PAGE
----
With the March Legislative Town Hall meeting scheduled at the same venue as the Farm and Home Show, there was a good turnout for the event Saturday.
That and the fact that there was a whole new slate of faces.
First there was 4th District U.S. Representative Steve King who now has the largest congressional district in Iowa after the last redistricting from five to four districts.
A television crew from Sioux City was among the attendees at the Regional Wellness Center on Saturday. Above, Congressman Steve King explain negotiations on the sequester that began on March 1.
EDN photo by Michael Tidemann
And then was both a new state senator and representative, with Dennis Guth the new senator and Tedd Gassman the new representative, both replacing Democrats - former Sen. Jack Kibbie who retired and Rep. John Wittneben who lost in a squeaker to Gassman in November. Both the state senate and house seats were subject to redistricting as well.
As the obvious headliner, King set the tone for Saturday's Town Hall meeting overshadowed by the pall of the sequester.
King said that at midnight, March 22 the government will run out of money, and that sequestration was President Obama's idea - putting six Republicans and six Democracts in the same room to work out a solution.
"If you wanted a formula for gridlock, that's it," said King.
On the table are $85 billion in cuts, something that's led to a lot of handwringing - real or not.
"We can do a lot better than he's (Obama) letting on," said King.
For one thing, King took to task the assertion that the United States Department of Agriculture will have to lay off meat inspectors.
"I can't help but feel that's not the least important priority to the USDA," King said.
King said next week lawmakers in Washington will take up the continuing resolution debate and try to stay at sequestration levels. He noted that he's long argued that the government needs a balanced budget amendment to the U.S. Constitution.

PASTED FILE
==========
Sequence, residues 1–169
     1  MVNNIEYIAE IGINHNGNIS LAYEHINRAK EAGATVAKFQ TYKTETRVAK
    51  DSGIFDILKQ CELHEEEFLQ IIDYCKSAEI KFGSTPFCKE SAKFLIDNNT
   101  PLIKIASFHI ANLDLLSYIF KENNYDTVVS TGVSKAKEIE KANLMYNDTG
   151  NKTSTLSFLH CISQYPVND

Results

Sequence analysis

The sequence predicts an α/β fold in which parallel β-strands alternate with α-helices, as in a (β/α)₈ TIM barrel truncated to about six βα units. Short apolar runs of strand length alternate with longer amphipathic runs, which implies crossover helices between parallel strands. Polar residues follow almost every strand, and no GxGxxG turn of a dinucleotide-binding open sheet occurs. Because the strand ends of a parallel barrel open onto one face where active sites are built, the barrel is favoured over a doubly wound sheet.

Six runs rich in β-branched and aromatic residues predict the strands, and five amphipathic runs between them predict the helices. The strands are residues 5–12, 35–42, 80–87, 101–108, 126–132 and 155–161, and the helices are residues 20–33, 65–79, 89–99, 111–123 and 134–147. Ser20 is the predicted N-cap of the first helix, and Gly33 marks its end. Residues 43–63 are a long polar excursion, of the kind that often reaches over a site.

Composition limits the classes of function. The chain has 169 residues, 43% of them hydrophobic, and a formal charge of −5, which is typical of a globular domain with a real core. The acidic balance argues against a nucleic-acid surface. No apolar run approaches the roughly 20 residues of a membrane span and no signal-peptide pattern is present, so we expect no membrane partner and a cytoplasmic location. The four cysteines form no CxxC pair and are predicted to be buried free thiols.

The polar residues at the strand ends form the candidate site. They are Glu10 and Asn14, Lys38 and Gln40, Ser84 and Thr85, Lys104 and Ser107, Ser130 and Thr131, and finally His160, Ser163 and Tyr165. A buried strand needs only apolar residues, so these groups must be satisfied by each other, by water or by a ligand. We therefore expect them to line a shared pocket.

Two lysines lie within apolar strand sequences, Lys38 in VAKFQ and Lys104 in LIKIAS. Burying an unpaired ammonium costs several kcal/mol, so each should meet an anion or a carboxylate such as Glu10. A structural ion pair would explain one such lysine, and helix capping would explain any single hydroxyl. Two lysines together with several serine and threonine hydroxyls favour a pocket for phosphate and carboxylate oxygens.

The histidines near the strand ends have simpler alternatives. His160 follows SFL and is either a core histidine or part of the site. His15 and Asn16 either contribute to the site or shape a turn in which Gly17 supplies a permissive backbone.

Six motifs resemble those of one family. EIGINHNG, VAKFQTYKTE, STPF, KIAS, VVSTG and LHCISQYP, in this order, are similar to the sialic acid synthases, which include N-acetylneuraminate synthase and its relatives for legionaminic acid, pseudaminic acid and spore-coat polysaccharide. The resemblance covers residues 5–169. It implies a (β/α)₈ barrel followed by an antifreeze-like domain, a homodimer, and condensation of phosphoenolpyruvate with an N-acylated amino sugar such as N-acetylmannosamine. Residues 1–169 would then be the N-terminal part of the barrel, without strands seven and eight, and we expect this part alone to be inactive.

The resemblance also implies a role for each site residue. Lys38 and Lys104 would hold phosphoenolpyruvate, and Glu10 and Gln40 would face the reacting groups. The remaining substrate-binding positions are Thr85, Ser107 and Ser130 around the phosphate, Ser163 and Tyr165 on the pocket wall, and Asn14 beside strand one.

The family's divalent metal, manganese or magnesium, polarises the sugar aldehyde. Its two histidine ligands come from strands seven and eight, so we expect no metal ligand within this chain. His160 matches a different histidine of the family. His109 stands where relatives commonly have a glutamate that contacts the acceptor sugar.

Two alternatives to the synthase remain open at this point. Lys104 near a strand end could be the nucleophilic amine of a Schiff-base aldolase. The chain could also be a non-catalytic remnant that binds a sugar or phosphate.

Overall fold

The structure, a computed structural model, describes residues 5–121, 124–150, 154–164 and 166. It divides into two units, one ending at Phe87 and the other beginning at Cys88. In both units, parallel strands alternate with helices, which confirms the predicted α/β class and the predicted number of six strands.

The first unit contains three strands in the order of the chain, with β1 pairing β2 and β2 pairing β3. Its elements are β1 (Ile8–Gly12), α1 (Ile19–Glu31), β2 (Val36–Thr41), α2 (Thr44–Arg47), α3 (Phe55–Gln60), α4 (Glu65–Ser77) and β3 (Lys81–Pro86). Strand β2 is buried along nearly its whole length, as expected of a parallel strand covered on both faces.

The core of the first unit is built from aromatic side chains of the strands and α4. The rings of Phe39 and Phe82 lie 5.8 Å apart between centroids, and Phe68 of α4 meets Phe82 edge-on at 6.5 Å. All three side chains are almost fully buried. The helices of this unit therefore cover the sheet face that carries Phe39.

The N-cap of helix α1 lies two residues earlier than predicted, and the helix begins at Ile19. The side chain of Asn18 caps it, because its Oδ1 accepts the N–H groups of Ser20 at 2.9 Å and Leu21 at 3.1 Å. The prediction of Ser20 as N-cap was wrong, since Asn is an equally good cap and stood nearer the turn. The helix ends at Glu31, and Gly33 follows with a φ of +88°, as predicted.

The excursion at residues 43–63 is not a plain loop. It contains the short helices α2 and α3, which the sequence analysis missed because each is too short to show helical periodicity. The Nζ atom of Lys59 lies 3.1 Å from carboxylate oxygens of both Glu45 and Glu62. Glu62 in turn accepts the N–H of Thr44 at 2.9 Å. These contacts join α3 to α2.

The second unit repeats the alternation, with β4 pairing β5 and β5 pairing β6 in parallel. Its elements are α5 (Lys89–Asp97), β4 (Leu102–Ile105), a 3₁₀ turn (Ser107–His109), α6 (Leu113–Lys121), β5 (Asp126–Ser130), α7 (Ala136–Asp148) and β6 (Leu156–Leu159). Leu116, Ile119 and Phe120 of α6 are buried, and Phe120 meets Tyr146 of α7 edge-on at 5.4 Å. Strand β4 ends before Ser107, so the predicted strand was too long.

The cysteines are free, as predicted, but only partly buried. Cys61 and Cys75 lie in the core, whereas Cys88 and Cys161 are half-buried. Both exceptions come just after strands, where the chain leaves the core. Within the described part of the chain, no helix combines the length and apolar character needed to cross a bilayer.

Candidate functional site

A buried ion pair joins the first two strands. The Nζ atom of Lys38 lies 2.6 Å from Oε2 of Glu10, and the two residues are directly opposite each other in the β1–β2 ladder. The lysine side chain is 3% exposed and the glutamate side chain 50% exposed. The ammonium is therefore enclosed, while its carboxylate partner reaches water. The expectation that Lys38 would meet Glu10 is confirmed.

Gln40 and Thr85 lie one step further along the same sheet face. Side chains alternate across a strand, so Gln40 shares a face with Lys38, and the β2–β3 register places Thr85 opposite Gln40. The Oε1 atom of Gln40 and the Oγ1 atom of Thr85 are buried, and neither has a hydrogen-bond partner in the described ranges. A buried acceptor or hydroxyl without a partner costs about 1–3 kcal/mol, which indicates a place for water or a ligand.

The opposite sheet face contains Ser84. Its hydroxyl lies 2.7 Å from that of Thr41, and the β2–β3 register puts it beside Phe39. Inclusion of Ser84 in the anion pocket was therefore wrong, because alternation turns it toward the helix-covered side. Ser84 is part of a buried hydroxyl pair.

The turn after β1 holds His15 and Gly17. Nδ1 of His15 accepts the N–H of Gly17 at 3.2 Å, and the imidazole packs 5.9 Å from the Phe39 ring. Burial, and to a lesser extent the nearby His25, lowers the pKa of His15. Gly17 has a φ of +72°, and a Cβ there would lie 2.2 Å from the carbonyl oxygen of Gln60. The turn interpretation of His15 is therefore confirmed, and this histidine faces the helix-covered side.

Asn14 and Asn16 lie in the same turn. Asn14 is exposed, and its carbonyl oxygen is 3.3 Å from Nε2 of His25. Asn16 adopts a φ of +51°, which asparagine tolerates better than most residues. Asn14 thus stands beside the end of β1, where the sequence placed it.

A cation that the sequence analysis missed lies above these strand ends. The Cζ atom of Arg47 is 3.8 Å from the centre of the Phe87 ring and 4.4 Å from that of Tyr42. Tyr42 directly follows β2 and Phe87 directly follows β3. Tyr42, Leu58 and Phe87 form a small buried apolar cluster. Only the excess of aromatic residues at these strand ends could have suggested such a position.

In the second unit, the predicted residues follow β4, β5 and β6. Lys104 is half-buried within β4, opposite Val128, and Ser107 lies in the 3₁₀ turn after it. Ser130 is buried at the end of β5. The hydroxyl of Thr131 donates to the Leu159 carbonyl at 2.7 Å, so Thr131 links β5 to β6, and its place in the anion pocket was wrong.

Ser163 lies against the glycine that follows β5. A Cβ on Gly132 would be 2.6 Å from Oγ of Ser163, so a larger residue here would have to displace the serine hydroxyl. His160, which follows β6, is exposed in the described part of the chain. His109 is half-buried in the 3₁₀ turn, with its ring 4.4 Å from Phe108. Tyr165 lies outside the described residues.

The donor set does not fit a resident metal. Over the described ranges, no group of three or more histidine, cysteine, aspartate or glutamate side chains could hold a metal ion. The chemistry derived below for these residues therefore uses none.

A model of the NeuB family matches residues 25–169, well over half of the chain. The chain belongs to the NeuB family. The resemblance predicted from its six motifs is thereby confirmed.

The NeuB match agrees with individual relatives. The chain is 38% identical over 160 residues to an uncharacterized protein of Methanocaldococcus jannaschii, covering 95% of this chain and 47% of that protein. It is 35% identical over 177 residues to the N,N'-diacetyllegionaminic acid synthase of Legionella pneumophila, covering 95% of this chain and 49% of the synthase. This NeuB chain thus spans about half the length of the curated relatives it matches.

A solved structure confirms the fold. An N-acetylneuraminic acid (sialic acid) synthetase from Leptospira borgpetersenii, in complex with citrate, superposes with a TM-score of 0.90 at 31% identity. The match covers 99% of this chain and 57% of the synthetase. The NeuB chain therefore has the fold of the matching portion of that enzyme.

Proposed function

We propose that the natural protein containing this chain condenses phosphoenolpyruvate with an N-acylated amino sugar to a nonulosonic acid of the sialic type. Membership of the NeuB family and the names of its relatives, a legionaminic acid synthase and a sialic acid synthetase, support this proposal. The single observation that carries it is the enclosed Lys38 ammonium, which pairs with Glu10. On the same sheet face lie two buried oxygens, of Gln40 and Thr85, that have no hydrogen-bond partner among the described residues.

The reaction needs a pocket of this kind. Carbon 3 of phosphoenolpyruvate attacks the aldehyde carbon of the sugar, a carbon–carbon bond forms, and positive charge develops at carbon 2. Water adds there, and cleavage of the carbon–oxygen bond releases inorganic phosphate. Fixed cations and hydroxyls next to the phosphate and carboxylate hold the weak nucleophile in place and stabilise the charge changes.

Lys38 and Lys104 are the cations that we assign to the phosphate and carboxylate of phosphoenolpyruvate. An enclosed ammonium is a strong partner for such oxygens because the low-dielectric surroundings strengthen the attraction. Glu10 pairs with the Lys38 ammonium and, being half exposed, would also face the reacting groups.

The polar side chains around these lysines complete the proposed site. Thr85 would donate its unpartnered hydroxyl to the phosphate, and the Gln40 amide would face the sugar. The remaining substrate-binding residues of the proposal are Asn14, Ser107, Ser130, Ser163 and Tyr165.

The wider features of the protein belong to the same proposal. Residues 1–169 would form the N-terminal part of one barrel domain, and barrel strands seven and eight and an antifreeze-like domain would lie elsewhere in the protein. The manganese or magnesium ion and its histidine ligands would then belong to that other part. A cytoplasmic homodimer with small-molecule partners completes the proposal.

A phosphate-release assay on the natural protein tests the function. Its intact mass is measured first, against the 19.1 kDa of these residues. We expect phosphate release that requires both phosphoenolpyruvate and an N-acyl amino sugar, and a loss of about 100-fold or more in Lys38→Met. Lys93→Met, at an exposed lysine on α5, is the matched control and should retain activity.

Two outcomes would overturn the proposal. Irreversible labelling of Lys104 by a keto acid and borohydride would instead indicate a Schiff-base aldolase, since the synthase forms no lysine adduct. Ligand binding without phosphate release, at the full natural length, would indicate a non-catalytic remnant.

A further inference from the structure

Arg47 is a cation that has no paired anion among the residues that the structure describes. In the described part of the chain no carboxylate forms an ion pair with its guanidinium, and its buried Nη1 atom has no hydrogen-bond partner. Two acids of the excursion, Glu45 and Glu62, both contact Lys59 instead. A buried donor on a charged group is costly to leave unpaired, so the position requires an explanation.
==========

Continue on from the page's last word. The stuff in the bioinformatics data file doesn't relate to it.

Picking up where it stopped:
"The American people need to buy in," King emphasized, noting that in 1995 the House passed a balanced budget amendment which the Senate missed approving by one vote.
"The will to balance our budget and live within our means is not within the will of the United States Congress," King said. "I think it's on our conscience to live within our means."
King said the share of the national debt for a baby born last Nov. 1 will be $52,288.
"That is the collateral that we're using to borrow money from the Chinese and the Saudis," King said.
"This past week has been a very busy one in the Senate but it hasn't been very productive," said Guth, who believes the "raw milk bill" will move forward and that the Ag Committee passed the corn checkoff.
Guth was hopeful for the mothball bill which would not require livestock operations that temporarily shut down to file a manure management plan with the Iowa Department of Natural Resources. "We sort of took care of it this week,"
Guth noted too a $500 million difference between House and Senate versions of the budget, with the Senate version asking for an 11 percent increase from last year or 105 percent of ongoing revenues.
He recalled one of his campaign promises was the Iowa marriage amendment, adding that Iowa Senate President Mike Gronstal had said the bill wouldn't get to the floor.
"I will do what I can to continue to advance the marriage amendment," Guth pledged.
Addressing the Education Reform Bill, Gassman said he had added the provision that private schools would have the option to accredit with five independent accrediting agencies instead of the Iowa Department of Education.
And as a member of the Environmental Protection Committee, Gassman said he'd like to make the nutrient reduction strategy voluntary.
"We're going to make our lakes and streams cleaner, but we're going to do it on your time - not the government's time."
As a member of the House Judiciary Committee, Gassman said a no-fault divorce will no longer be possible if there are minor children in the family. "The family in my opinion in this country is broken," said Gassman, as a reason for pushing for the provision.
Gassman also pledged to hold down spending.
"We're (House Republicans) not going to spend more than 99 percent of the money that's estimated to come in," Gassman said, saying that figure was now at 98 percent - and that he'd like to keep it at that level.